A Slight Difference

05/25/2011 12:50 pm ET

Both Obama and McCain said two things during their final debate that indicate how pro-business they both in fact are, and how constricted the political spectrum has become, especially since there was no one to challenge their assertions.

For Obama's part, the moment came when McCain challenged him to name one time when he bucked his party's leadership on a major vote in Congress.

Obama responded:

"...[I]n terms of standing up to the leaders of my party, the first major bill that I voted on in the Senate was in support of tort reform, which wasn't very popular with trial lawyers, a major constituency in the Democratic party... So I've got a history of reaching across the aisle."

So...why didn't the "liberal media" jump on that one?

For those who missed it, "tort reform" is the clever misnomer for a suite of measures that have made it more difficult for victims of injustice and corporate crime to seek justice in the courts.

While demonizing trial lawyers, for well over a decade the Chamber of Commerce has made tort reform legislation its top federal legislative priority.

For example, the Private Securities Litigation Reform Act, the investor tort reform law that passed in the late 1990s, would not have passed without being a priority for Big Business. It was the only bill that Congress passed over a Clinton veto his two terms. According to securities law expert John Coffee, the PSLRA was one the most important reasons why investors in Enron and other companies got fleeced, because it took away an important deterrent. The PSLRA made it much more difficult to sue accountants, lawyers and banksters (the market system's so-called "gatekeepers") for "aiding and abetting" financial and accounting fraud.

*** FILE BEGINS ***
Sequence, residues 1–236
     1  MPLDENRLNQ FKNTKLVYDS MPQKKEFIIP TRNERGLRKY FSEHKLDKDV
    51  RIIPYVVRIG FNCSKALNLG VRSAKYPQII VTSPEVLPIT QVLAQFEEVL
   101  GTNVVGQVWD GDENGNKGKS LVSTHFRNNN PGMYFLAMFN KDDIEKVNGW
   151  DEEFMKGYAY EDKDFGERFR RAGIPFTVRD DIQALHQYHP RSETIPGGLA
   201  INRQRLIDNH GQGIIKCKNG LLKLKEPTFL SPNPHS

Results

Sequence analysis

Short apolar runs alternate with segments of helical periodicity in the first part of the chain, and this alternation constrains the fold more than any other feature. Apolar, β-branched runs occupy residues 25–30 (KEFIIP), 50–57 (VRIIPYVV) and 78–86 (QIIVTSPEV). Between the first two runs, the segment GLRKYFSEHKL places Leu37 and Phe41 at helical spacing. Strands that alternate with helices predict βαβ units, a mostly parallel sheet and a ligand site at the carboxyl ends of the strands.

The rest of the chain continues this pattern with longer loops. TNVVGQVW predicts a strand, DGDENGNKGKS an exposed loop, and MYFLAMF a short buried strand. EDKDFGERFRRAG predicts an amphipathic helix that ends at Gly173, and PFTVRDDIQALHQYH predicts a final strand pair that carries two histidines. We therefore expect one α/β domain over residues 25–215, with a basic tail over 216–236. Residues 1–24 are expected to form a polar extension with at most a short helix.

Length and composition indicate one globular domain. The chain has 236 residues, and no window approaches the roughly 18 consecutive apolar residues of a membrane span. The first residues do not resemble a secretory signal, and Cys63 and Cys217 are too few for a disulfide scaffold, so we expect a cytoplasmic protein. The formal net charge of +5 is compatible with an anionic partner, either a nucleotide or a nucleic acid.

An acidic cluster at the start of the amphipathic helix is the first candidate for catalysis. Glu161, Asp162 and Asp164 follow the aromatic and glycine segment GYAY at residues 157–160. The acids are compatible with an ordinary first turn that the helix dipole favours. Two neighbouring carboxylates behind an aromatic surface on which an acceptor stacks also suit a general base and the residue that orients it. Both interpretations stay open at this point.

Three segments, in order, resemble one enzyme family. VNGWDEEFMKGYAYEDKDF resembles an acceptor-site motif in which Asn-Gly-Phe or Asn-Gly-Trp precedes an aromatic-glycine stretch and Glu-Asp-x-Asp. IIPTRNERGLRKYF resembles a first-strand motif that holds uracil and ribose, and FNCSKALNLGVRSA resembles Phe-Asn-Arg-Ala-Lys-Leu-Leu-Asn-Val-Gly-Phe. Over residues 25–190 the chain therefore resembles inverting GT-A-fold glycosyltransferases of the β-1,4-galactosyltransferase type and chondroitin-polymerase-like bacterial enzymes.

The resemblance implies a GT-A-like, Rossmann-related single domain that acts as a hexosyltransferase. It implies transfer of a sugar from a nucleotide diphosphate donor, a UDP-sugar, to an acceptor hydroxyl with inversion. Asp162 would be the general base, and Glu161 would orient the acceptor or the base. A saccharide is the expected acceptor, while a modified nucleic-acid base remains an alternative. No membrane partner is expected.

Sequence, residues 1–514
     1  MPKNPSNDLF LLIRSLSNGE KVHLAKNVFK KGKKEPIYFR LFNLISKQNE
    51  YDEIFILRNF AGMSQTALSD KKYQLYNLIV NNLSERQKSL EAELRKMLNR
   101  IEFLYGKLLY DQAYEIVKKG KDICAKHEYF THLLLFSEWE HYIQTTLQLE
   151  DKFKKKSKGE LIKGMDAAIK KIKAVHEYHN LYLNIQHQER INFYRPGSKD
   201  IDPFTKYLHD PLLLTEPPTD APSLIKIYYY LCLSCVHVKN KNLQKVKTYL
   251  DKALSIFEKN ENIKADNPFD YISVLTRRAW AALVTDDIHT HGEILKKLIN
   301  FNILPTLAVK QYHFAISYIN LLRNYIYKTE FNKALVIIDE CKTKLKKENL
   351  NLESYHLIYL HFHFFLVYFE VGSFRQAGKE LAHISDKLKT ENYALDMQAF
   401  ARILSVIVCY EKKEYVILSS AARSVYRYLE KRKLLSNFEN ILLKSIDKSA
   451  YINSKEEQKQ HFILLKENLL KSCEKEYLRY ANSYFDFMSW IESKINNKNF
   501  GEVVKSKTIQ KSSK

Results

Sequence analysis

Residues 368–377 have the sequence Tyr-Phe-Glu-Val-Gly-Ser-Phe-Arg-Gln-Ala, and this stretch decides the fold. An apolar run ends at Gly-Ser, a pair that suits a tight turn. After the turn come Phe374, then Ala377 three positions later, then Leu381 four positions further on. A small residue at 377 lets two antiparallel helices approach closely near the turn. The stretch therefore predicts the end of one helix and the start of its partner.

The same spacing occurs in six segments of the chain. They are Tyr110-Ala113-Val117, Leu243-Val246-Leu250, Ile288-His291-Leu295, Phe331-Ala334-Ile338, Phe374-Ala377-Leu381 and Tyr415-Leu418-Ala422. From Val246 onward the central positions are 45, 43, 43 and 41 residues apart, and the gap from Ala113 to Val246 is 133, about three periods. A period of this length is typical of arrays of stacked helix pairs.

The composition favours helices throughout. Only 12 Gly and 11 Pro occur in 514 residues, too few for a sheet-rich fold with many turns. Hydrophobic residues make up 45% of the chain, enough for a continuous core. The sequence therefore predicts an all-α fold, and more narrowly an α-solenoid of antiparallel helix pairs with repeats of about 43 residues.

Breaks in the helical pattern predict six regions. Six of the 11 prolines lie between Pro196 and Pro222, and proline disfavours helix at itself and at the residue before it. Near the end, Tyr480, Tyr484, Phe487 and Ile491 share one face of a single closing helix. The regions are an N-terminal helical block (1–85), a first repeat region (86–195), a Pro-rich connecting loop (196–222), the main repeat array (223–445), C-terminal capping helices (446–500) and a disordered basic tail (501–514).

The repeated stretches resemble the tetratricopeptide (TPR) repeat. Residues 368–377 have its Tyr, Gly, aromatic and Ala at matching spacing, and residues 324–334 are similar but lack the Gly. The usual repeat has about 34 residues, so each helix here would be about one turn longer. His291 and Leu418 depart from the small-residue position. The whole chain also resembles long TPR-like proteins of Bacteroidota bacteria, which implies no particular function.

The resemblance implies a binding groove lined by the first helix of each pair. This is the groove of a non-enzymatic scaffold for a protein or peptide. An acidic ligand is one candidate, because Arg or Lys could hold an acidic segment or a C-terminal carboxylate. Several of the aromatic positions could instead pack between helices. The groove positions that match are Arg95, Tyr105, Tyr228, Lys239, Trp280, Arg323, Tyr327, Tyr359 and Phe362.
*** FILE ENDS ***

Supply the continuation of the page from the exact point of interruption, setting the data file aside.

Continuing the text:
Although the Chamber continues to push the tort reform agenda forward, two years ago (12/06), The American Lawyer declared, "It's Over" -- in effect, they've already won.

So why, then, is Obama bragging about casting his vote for a bill (The Class Action Fairness Act) that says "prevents many middle-class Americans injured by defective products, manipulated by deceptive marketing, or discriminated against by unfair employment practices from ever being able to hold corporate wrongdoers accountable. As a result, the threat of lawsuits will be less of a deterrent to corporations that engage in deceptive or discriminatory practices or seek to cut corners by skimping on product safety."

Because, by casting that vote, Obama sent a signal to the business community that he didn't come to Washington to challenge corporate America's agenda, that he wouldn't reverse course on these questions if elected president.

Of course, for the rest of us, it means he sides with the corporate criminals.

As for McCain, his linguistic legerdermain was much more frequent and probably of even greater consequence. Take the moment when he (once again, that old saw) asserted that U.S. businesses are taxed at higher rates than corporations from almost every other country in the developed world.

(Don't you hate it when he says something like that with an impish grin, as if he knows he's lying? Haven't we had enough of Republican presidents with their impish grins -- as if immaturity is a sign of leadership? So much for "straight talking" expressions.)

It's well known that a huge number, if not most American corporations - esp. large multinationals -- haven't paid anywhere near the statutory rate (35%) for well over a decade.

Perhaps it was just another of those McCain senior moments, and he forgot that Just two months ago, the GAO reported that two-thirds of U.S. corporations paid no federal income taxes between 1998 and 2005.

(That's in addition to an earlier GAO report that most U.S. firms paid NO income taxes during the 1990s.)

No -- McCain knows all this. And he doesn't care, He's just throwing more red meat to his biggest base -- Big Business.

I would agree that on taxes, there is a big difference between the two (how many times does Obama have to explain his proposal?), except that neither mentioned the need for a carbon tax (which, as William Nordhaus explained in a recent issue of NYRB, is the most efficient way of addressing global warming) or a speculation tax on exchange-based transactions (combined with other reforms, like forcing all derivatives trades to be traded through an exchange -- a tax that would put the onus of paying for the bailouts on those who make the most money on the market and inject the most risk into it, just like we have a gas tax to make those who use the roads more pay for highway repairs).